DUBAI • The United Arab Emirates tightened the squeeze on fellow Gulf state Qatar yesterday, threatening anyone publishing expressions of sympathy towards Doha with up to 15 years in prison and barring entry to Qataris.
UAE Minister of State for Foreign Affairs Anwar Gargash said there would be more curbs if necessary, and that Qatar needed to make ironclad commitments to change what critics say is a policy on funding Islamist militants.
The UAE, Saudi Arabia, Egypt and Bahrain severed diplomatic ties with Qatar on Monday over longstanding allegations that Doha is courting Iran, which they deem the region's biggest external threat, and supporting Islamist groups, seen as the biggest internal threat.
Qatar, which vehemently denies the allegations, drew some apparent support from Turkey yesterday.
Officials in Ankara said the Turkish Parliament would fast-track a draft Bill allowing its troops to be deployed to a military base in Qatar.
Iran, itself reeling from an attack by Islamic State in Iraq and Syria (ISIS) militants that killed at least 12 people yesterday, has called for dialogue to solve the regional rupture.
But efforts to defuse the worst crisis among Gulf Arabs for two decades have showed no immediate progress.
United States President Donald Trump took sides in the rift on Tuesday, praising the actions against Qatar, but later spoke by phone with Saudi King Salman and stressed the need for unity. Defence Secretary James Mattis spoke to his Qatari counterpart to express commitment to the region's security.
Qatar hosts 8,000 US military personnel at Al-Udeid, the largest US air base in the region and a launch pad for US-led strikes on ISIS.
Kuwait's ruling emir has also been seeking to mediate, heading for the UAE yesterday after meeting the Saudi king on Tuesday.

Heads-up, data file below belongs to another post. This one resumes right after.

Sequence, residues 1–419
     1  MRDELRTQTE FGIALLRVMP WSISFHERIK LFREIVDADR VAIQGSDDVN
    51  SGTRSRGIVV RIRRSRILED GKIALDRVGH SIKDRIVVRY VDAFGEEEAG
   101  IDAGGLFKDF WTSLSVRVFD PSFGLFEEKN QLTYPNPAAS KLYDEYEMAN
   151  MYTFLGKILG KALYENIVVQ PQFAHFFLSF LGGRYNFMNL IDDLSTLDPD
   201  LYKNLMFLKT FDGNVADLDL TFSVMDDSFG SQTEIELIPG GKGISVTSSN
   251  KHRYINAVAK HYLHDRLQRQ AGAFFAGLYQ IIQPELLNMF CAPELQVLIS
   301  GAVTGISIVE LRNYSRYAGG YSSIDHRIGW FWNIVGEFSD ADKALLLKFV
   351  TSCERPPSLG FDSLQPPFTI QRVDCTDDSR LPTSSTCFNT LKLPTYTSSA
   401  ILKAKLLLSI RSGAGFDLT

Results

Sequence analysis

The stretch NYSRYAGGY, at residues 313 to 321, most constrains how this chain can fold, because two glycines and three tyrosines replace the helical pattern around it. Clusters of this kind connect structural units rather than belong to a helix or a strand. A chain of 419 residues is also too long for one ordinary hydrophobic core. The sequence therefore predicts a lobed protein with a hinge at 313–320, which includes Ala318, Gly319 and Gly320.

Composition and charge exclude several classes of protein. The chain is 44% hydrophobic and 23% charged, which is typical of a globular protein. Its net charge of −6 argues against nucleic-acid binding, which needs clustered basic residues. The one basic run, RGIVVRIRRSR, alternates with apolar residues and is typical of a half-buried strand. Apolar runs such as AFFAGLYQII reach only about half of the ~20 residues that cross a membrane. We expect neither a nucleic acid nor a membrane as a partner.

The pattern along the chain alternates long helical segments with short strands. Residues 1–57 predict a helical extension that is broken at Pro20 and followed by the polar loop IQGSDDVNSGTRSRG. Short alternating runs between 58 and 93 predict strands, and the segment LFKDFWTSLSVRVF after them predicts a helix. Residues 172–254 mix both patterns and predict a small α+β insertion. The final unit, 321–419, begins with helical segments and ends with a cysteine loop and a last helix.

Moscow, meanwhile, dismissed allegations that Russian hackers helped spark the diplomatic crisis, after CNN reported that US officials believed they had planted a false news story. FBI experts visited Qatar late last month to analyse an alleged cyber breach that saw the hackers place the fake story with Qatar's state news agency, CNN said. The report included comments from the Qatari ruler, which seemed friendly to Israel and Iran, and cast doubt on how long Mr Trump would remain in office.
Mr Andrei Krutskikh, a cyber-security adviser with the Kremlin, said: "It is a stale claim and as ever, there is zero evidence."
Qataris, meanwhile, were loading up on food supplies, fearing shortages. The sudden isolation has also led to Qatar holding talks with Turkey, Iran and others to secure food and water, said a Qatari official, who added that there was enough grain to last four weeks, and Qatar also had large strategic food reserves.
UAE-based newspaper Gulf News and pan-Arab channel Al-Arabiya reported the crackdown on expressions of sympathy towards Qatar.
"Strict and firm action will be taken against anyone who shows sympathy or any form of bias towards Qatar, or against anyone who objects to the position of the UAE, whether it be through the means of social media, or any type of written, visual or verbal form," Gulf News quoted UAE Attorney-General Hamad Saif al-Shamsi as saying.
On top of a possible jail term, offenders could also be hit with a fine of at least 500,000 dirhams (S$188,000), the newspaper said.
UAE airlines Etihad and Emirates said all travellers holding Qatari passports were currently prohibited from travelling to or transiting through the emirates.
They announced details of the restrictions after Australian carrier and Emirates partner Qantas Airways said it would not fly Qataris to Dubai because of the bans.
REUTERS, AGENCE FRANCE-PRESSE
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